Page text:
In short, the government won't solve the trust problem for marketers, so they'll need to find their own solutions.  This means they have to devise trust building measures, convince their companies to adopt them, and then educate customers about how they work.  This is an especially hard challenge because the traditional, authority-based methods of gaining trust are no longer effective. Finding effective new methods is an opportunity for innovation and competitive advantage, which are fun, and for long hours and failed experiments, which are less fun but part of the package. Either way, you really have no choice: as that mosquito keeps telling me, trust is essential for success in today’s environment.

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* both firms with corporate trust issues of their own, ironically.

Wednesday, March 28, 2018

Adobe Adds Experience Cloud Profile: Why It's Good News for Customer Data Platforms


"A CDP by any other name still stores unified customer data."
Adobe on Tuesday announced the Experience Cloud Profile, which it described as a “complete, real-time view of customers” including data from outside of Adobe Cloud systems. The announcement was frustratingly vague but some ferreting around* uncovered this blog post by Adobe VP of Product Engineering Anjul Bhambhri, who clarified that (a) the new product will persistently store data ingested from all sources and (b) perform the identity stitching needed to build a meaningfully unified customer view. Adobe doesn’t use the term Customer Data Platform but that’s exactly what they’ve described here. So, unlike last week's news that Salesforce is buying MuleSoft, this does have the potential to offer a viable alternative to stand-alone CDP products.

Of course, the devil is in the details but this is still a significant development. Adobe’s offering is well thought out, including not just an Azure database to provide storage but also an open source Experience Data Model to simplify sharing of ingested data and compatible connectors from SnapLogic, Informatica, TMMData, and Microsoft Dynamics to make dozens of sources immediately available. Adobe even said they’ve built in GDPR-required controls over data sharing, which is a substantial corporate pain point and key CDP use case.

The specter of competition from the big marketing clouds has always haunted the CDP market. Salesforce’s MuleSoft deal was a dodged bullet but the Adobe announcement seems like a more palpable hit.** Yet the blow is far from fatal – and could actually make the market stronger over time. Let me explain.

First the bad news: Adobe now has a reasonable product to offer clients who might otherwise be frustrated by the lack of integration of its existing Experience Cloud products. This has been a substantial and widely recognized pain point. Tony Byrne of the Real Story Group has been particularly vocal on the topic. The Experience Cloud Profile doesn’t fully integrate Adobe’s separate products, but it does seem to let them share a rich set of customer data. That’s exactly the degree of integration offered by a CDP. So any Adobe client interested in a CDP will surely take a close look at the new offering.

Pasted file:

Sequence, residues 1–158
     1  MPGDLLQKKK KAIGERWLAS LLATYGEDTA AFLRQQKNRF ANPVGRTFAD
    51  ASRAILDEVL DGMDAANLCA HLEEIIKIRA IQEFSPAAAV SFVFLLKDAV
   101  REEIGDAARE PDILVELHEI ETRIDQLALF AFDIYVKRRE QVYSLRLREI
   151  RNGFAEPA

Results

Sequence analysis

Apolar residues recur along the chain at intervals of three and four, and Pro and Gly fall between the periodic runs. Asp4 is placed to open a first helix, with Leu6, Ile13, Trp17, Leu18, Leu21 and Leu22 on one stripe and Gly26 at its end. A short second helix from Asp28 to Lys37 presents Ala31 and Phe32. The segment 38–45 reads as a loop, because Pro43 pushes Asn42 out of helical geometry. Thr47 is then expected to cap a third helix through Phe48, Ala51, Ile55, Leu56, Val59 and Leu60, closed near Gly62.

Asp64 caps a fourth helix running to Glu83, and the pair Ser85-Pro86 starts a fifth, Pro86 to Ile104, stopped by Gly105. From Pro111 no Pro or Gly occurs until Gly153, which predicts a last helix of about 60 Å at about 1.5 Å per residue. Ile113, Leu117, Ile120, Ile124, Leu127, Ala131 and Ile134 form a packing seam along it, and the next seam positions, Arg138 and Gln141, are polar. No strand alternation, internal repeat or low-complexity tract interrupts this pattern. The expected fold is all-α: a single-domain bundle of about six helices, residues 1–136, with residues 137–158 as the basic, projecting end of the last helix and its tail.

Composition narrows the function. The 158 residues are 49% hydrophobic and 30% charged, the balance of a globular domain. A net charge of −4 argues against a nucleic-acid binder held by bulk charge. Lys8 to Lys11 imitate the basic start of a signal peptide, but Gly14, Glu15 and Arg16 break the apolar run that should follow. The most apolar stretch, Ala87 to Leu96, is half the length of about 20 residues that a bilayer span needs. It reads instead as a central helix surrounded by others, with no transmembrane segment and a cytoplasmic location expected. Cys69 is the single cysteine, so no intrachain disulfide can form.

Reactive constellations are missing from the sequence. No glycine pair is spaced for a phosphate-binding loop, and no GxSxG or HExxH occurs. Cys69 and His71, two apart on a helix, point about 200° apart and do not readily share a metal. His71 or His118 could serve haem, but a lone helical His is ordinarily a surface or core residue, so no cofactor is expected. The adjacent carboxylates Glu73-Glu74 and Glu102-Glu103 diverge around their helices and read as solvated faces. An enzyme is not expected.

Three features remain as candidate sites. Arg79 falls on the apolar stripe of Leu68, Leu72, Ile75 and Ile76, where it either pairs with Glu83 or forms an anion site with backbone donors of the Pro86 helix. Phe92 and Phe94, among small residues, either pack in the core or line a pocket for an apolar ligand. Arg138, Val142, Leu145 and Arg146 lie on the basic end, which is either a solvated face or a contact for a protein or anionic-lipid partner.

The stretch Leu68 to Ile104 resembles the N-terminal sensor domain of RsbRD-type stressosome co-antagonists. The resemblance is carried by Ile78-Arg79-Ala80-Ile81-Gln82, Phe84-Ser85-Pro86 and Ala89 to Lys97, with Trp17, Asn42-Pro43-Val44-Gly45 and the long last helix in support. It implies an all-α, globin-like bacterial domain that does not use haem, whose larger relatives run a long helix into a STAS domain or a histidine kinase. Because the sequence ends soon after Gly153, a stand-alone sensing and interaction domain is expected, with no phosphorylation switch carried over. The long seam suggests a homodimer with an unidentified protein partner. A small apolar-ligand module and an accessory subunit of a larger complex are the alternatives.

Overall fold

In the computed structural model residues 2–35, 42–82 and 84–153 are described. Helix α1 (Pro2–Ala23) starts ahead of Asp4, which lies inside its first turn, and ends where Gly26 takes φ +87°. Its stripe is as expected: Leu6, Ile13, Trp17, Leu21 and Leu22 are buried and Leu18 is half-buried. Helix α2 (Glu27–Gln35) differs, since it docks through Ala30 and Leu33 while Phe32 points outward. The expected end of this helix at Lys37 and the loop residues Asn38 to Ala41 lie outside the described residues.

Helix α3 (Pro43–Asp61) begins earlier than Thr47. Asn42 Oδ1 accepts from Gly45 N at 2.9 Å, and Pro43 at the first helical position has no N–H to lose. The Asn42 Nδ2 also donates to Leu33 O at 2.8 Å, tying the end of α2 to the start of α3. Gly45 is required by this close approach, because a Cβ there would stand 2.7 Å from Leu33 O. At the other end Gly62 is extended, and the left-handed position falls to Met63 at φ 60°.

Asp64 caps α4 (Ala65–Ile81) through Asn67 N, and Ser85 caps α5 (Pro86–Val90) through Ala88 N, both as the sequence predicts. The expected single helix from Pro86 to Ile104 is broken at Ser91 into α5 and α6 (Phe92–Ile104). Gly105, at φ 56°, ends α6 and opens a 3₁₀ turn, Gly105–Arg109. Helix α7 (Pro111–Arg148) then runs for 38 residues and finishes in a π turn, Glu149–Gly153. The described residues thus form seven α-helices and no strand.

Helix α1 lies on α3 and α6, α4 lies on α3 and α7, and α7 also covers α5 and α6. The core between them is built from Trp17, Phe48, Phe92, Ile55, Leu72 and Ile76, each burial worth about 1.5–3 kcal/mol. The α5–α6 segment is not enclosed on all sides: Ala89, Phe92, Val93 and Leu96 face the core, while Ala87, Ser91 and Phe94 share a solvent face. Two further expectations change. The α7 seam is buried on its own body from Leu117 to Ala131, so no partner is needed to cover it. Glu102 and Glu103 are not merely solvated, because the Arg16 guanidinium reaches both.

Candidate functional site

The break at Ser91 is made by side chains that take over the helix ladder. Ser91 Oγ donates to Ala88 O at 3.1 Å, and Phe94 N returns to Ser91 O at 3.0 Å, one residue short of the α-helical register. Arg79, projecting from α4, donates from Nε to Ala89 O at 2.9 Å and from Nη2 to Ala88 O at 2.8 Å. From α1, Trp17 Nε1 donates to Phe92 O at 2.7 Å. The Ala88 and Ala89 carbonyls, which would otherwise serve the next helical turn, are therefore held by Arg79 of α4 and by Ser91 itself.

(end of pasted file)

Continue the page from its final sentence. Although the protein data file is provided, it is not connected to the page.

The good news is that not everyone is an Adobe client. It’s true that the Cloud Profile could in theory be used on its own but Adobe would need to price it very aggressively to attract companies that don’t already own other Adobe components. The could of course be an excellent acquisition strategy but we don’t know if it’s what Adobe has in mind. (I haven’t seen anything about the Cloud Profile pricing but it’s a core service of the Adobe Experience Platform, which isn’t cheap.) What this means is that Adobe is now educating the market about the value of a persistent, unified, comprehensive, open customer database – that is, about the value of CDPs. This should make it much easier for CDP vendors to sell their products to non-Adobe clients and even to compete with Adobe to deliver CDP functions to Adobe’s own clients.

I’ll admit I have a vested interest in the success of the CDP market, as inventor of the term and founder of the CDP Institute. So I’m not entirely objective here. But as CDP has climbed to the peak of the hype cycle, I’ve been exquisitely aware that it has no place to go but down – and that this is inevitable. The best CDP vendors can hope for is to exchange being a “hot product” for being an established category – something that people recognize as a standard component of a complete marketing architecture, alongside other components such as CRM, marketing automation, and Web content management. I’ve long felt that the function provided by CDP – a unified, persistent, sharable customer database – fills a need that won’t go away, regardless of whether the need is filled by stand-alone CDPs or components of larger suites like Adobe Experience Cloud. In other words, the standard diagram will almost surely include a box with that database; the question is whether the label on that box will be CDP. Adobe’s move makes it more likely the diagram will have that box. It’s up to the CDP industry to promote their preferred label.



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*okay, the first page of a Google search. No Pulitzer Prize for this one.
** yes, I’ve just combined references to Karl Marx and William Shakespeare in the same paragraph, garnished with a freshly mixed metaphor. You’re welcome.








Tuesday, March 20, 2018

Salesforce Buys MuleSoft and Offers It as a Data Unification Solutions